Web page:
Google Brings Desktop Search Out Of Beta

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There is a running joke about how Google never brings any of their innovations out of the beta stage. The thinking is, if something breaks, Google can always say it was still in beta testing.

However, every now and then, Google will actually un-beta something, which happens to be the case with Google’s desktop search utility. The search engine incarnate officially launched this past Sunday (an odd day for a major release, don’t you think?).

New to the official release is GDS’s ability to index and search a number of new file types, which include:

– PDF files

– Multimedia files, including audio (MP3, WMA, WAV and more), images (JPG, GIF, PNG, BMP and more), and videos (AVI, MPG, WMV, and more), by meta-tag. For instance, you can search by song title or artist name.

– Web pages you’ve viewed using the Netscape 7+, Mozilla and Firefox browsers

– Email from Netscape Mail, Mozilla Mail and Thunderbird

If you are familiar with Google’ beta version of GDS, then the official version should not be difficult to navigate and use. There are a few additions, as well. Most notably, the ability to download plugins and Google’s releasing of the desktop search software development kit (SDK). Plugins simply allow users to enhance the capabilities of GDS.

This will allow developers to write plug-ins that can improve the performance of GDS. The SDK can also give users the ability to incorporate Google Desktop Search into their own applications.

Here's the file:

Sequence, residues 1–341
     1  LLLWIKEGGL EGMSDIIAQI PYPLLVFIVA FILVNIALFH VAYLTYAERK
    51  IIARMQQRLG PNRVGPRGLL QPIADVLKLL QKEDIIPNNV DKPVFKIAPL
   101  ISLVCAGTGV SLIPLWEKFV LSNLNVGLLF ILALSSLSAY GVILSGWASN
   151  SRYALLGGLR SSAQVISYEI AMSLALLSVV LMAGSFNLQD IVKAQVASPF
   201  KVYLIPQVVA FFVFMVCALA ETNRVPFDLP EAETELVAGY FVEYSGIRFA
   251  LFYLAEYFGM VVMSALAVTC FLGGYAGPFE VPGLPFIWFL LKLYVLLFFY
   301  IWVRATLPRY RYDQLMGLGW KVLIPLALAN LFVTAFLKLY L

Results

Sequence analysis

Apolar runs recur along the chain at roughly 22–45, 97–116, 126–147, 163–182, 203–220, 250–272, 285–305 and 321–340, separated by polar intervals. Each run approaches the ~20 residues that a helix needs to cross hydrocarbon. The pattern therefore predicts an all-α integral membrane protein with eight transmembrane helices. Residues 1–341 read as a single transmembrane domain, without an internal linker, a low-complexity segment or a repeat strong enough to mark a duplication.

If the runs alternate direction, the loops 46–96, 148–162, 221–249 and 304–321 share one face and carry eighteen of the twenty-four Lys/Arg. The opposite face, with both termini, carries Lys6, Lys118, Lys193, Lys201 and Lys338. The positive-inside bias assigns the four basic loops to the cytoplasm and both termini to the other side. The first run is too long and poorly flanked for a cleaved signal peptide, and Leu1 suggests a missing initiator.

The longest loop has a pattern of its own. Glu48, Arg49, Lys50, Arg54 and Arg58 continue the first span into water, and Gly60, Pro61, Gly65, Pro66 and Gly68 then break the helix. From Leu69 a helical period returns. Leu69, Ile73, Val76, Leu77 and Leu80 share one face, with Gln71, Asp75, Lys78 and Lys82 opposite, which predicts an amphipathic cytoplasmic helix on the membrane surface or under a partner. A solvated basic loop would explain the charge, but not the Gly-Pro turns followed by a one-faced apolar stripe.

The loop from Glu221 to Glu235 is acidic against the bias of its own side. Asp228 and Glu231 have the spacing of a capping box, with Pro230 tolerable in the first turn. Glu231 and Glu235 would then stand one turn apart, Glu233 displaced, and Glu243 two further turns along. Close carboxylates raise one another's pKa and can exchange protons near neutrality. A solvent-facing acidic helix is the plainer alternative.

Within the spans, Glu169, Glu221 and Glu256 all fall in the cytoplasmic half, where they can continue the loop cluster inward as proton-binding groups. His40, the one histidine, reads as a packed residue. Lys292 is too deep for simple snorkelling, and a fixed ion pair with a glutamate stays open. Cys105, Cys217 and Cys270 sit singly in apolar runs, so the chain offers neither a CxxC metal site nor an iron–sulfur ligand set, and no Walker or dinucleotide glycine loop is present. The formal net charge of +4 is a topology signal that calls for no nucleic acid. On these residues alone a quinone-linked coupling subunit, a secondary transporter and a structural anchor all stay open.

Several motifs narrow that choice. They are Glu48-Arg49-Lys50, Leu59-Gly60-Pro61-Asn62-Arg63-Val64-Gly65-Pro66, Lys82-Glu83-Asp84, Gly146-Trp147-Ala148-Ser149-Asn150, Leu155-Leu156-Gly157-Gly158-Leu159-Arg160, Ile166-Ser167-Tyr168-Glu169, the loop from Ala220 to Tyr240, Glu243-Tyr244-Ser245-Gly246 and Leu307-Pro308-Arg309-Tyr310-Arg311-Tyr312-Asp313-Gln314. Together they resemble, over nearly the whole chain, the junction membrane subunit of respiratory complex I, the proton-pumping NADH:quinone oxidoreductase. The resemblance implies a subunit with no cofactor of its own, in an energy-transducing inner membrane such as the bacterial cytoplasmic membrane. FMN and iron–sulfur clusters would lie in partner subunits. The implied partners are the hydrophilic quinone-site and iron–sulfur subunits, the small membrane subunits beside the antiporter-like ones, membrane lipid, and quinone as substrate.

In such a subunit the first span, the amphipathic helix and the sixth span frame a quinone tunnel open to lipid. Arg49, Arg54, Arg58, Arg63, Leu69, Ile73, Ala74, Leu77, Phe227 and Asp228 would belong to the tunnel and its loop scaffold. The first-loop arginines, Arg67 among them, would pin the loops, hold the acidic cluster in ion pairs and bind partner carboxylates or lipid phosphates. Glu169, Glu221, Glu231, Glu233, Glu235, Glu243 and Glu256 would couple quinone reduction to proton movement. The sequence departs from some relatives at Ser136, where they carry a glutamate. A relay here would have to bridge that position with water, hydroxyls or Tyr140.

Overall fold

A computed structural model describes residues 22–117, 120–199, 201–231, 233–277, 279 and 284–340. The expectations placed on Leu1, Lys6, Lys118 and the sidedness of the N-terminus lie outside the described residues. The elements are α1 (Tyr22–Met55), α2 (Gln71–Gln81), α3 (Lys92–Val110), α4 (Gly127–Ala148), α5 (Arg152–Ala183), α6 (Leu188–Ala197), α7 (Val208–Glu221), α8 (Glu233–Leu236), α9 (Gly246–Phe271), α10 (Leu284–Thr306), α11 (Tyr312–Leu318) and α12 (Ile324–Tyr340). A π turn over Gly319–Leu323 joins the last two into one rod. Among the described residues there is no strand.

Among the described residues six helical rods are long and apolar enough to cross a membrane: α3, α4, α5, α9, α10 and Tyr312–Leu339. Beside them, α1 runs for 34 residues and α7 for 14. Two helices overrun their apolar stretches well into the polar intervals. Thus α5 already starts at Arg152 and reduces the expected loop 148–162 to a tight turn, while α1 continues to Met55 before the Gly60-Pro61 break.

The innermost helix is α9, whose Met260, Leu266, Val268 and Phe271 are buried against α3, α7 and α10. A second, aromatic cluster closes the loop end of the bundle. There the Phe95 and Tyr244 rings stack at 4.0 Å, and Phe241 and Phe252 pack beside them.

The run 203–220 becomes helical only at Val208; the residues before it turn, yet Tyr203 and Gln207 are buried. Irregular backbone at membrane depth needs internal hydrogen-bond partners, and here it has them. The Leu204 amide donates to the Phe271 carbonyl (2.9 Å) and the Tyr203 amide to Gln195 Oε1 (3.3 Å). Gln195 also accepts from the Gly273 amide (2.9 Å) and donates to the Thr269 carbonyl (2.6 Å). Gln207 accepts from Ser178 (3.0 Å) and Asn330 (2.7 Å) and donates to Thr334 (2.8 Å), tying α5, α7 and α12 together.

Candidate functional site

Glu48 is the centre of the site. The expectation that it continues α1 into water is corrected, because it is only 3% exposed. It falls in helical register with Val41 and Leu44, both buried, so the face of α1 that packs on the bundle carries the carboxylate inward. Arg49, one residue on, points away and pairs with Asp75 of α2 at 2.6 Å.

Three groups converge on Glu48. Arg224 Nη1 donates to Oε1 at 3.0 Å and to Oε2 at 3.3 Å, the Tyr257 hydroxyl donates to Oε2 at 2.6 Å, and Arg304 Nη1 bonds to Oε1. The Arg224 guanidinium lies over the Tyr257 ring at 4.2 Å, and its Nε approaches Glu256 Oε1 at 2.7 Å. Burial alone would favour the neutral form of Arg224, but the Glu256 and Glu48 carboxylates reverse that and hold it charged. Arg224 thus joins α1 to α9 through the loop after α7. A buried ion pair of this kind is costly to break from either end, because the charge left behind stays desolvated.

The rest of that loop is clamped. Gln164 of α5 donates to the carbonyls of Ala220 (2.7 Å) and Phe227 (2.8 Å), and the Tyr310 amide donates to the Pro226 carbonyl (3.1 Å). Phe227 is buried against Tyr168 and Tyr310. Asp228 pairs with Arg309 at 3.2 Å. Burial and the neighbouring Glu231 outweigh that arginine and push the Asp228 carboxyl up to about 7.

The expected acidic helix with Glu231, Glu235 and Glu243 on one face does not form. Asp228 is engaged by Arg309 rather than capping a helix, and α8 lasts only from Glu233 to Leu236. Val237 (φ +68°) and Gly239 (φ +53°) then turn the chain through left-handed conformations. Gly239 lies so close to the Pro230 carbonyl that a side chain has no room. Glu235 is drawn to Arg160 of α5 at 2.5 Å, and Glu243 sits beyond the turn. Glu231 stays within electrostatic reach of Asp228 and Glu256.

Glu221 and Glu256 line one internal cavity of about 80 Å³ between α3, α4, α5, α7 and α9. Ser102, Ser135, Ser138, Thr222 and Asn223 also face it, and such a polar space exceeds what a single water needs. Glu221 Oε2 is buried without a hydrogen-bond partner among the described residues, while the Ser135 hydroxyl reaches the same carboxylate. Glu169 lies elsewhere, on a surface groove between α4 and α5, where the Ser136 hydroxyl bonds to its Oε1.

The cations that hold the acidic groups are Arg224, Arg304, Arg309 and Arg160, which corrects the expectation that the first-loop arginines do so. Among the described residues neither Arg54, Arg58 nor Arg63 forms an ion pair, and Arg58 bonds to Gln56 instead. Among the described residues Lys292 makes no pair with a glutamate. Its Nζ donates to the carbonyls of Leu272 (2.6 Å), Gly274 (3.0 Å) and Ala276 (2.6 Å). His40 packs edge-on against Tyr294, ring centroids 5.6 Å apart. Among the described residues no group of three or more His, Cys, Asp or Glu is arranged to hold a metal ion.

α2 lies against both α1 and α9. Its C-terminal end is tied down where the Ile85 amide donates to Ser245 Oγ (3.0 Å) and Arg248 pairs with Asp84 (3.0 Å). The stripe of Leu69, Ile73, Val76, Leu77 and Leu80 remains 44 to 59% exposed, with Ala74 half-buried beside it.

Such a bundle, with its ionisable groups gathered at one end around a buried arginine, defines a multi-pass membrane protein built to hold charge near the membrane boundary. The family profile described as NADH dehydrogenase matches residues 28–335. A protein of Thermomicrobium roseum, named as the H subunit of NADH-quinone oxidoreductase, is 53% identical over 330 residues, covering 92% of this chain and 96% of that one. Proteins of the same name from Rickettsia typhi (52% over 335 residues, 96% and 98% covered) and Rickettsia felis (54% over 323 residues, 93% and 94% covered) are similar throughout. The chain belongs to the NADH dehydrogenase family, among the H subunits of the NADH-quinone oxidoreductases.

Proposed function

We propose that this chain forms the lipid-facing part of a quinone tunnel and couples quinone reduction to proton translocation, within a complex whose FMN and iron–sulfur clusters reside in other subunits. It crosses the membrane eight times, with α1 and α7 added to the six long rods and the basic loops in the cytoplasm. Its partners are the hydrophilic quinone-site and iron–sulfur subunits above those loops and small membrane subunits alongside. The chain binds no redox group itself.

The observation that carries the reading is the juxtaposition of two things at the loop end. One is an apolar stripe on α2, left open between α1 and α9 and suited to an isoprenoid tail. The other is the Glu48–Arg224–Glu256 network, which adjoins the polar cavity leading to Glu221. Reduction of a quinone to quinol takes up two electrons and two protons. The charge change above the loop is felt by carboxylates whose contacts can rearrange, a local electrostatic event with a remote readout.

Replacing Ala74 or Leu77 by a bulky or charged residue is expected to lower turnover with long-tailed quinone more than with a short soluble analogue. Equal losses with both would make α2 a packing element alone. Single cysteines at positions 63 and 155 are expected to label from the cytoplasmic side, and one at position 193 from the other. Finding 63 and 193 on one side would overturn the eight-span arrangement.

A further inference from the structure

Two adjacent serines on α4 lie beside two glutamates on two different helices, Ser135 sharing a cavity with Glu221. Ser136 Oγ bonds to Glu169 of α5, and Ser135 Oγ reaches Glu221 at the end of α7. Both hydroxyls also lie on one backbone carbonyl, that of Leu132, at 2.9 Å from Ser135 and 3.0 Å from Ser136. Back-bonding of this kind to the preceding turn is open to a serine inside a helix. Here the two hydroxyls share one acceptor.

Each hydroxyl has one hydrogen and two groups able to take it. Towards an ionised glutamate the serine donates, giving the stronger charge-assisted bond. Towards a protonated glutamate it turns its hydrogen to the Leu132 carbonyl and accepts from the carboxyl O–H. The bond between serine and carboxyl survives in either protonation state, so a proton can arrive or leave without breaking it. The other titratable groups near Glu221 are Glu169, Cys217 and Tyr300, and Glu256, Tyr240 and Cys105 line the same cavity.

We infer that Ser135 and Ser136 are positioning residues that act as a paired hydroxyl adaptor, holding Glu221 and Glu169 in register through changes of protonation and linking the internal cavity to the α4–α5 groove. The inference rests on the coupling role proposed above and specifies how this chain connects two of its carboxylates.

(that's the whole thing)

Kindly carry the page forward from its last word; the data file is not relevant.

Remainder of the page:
Google also indicates, “We’ve also made it easier to use Desktop Search by allowing you to access it via a deskbar on your desktop.” The deskbar resides on your taskbar, or it float wherever the user sees fit to place it. Another new feature is the inclusion of a privacy option. This simply prevents indexing of Office files which happen to be password protected.

Of course, since its beta launch, privacy issues have haunted GDS as well as desktop search in general. Some security experts feel virus writers will try and take advantage the indexing ability of desktop search utilities. Because GDS is so thorough and finds items some may not want found, a few people are a little unnerved. To alleviate some concerns, Google made a commitment to privacy, or at least informing users that GDS results are.

From Google: “So that you can easily search your computer, the Google Desktop Search application indexes and stores versions of your files and other computer activity, such as email, chats, and web history. These versions may also be mixed with your Web search results to produce results pages for you that integrate relevant content from your computer and information from the Web.

Your computer’s content is not made accessible to Google or anyone else without your explicit permission.”

The option of using the floating deskbar is a nice, useful feature. Once you place it somewhere, it will give the “always on top” treatment (notice the screenshot), meaning the deskbar is always present for the user to access. As I am typing this, the subdued box is residing in the middle of my word document, waiting to be useful.

deskbar screenshot

And coming from a user who prefers a “no icon” approach to desktop computing: it’s not really distracting.

All in all, like most Google products, this seems to do what the company wants quite well. As for the potential privacy/malicious misuse of GDS, it certainly seems Google is taking precautions to protect personal content.

To learn more, read the FAQ, or you can download GDS here.

Chris Richardson is a search engine writer and editor for WebProNews. Visit WebProNews for the latest search news.

Google Brings Desktop Search Out Of Beta
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